By Rudy McGillvray
March 07, 2006
However, I have questions regarding the legality of only one 'extractive industry' read "Big Oil" paying for it. True, the oil industry in Alaska generates the most revenue for our State's operation and Savings Accounts. However, I am surprised they (Big Oil) have not taken us to court to protest being singled out as the only supplier of funds to the State of Alaska's Permanent Fund. Something about equality of taxation, would be the reason.
All extractive industries should be taxed at the same rate as 'big oil', and those taxes, regulated at rate, be divided between state government and the Permanent Fund deposits as regulated by present law. By extractive industries I mean Oil and Mining. These are extractive industries with no hope of renewal or replenishment through natural means. Timber and Fishing I would consider renewable resources and as such not liable for extraction tax under law.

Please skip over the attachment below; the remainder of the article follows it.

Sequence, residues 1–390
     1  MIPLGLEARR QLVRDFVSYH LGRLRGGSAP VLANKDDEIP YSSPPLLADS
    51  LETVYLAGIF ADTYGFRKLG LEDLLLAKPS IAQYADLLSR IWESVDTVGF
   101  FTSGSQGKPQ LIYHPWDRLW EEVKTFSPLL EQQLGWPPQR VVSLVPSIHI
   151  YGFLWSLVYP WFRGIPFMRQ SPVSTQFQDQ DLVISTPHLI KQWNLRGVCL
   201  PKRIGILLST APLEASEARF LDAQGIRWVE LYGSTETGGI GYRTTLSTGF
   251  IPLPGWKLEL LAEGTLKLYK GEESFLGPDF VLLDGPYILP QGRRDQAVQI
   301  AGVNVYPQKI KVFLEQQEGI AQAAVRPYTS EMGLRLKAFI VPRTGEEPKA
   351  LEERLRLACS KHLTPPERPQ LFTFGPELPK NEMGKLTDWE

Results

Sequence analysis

Extraction tax would only be levied on those industries which remove valued resources that are not 'regenerative'. Once these non-renewable resources are no longer economical viable, we will be left with holes in the ground with no real use or value. And no further income from those industries. Hence, the Permanent Fund.
I will admit to ignorance or a lack of memory of the tax scheme that led to the formation of the Permanent Fund. But I do recognize that only one industry paying for it, is patently unfair.
I do have more ideas, on how to best use the Permanent Fund proceeds, but will save them for another letter. I welcome all responses, and my e-mail address is published below.
Yours for equitable taxation,
About: Alan R. McGillvray is
a long time resident of Alaska, since 1946. "I happened
to be back when the Permanent Fund was formed, and over the years,
have developed ideas that I think will improve the Fund and its
and do not necessarily reflect the opinions of Sitnews.